I would hardly say that today’s fall-season elected officials are like plants. This might be insulting to most plants or the common weed in your backyard.  Although, some politicians are well established dandy lions that seem to proliferate in all seasons.  But there are some similarities.  Plants need rich soil to thrive. Politicians need some rich backers with deep pockets; a few, however, can actually self-fertilize.  Some plants prefer sunlight and other shade.  Politicians are similar in that some bask in the bright lights of the media enjoying their time behind the podium while others prefer to move about in the shaded areas of public service doing their deeds behind closed doors.

But before we lose that rustic fall scenery and the trees become bare and the skies turn a darker shade of  gray, issues come forward and events occur that it some, cases cannot wait for the winter thaw.  In America, we are not immune to governmental up-evil. Like most countries around the globe, we have endured our share of struggles, social injustices that have resulted in civil disobedience. and in some cases just plain flat-out widespread rioting; we have endured various economic and natural catastrophes, as well as terrorist attacks and even a full blown Civil War. But in most cases we believe in the power of the ballot over the bullet.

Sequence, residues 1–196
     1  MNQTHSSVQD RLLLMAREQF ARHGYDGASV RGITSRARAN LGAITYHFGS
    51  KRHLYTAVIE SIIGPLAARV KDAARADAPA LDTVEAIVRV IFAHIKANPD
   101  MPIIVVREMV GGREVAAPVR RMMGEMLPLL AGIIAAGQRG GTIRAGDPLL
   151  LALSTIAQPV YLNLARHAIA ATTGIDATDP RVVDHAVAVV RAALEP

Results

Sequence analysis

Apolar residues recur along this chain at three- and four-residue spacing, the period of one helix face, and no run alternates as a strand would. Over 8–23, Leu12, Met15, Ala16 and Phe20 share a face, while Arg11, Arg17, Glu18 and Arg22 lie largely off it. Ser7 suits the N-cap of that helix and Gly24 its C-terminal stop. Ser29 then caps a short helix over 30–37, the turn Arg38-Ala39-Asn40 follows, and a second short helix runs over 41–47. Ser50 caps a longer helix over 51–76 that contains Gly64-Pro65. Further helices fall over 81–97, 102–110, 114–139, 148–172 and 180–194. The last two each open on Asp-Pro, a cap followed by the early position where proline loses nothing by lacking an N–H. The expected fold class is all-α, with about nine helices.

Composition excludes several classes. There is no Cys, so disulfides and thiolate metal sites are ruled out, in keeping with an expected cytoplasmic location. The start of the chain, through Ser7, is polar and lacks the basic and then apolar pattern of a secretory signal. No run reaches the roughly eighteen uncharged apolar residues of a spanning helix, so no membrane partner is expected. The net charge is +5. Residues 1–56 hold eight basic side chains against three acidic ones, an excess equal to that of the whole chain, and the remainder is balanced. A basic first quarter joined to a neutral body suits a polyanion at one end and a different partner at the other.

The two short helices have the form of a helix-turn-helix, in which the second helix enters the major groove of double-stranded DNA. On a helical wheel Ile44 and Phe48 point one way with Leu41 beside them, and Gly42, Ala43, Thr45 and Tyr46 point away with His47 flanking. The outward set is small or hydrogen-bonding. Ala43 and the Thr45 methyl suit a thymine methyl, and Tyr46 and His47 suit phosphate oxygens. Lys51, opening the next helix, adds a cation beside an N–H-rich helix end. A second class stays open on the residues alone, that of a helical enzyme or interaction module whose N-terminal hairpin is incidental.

But November, other parts of the world may not experience the growing and nurturing effects of biennial governmental gardening that our elections provide. There is always somebody who wants to take a short cut.  They end up taking an ax to the tree trunk; or maybe they are just an overzealous gardener madly hacking away at whatever looks like a weed; or they start a scorched earth policy of burning the entire field to eradicate everything

Stalin and Lenin: The original Red Scare Duo.*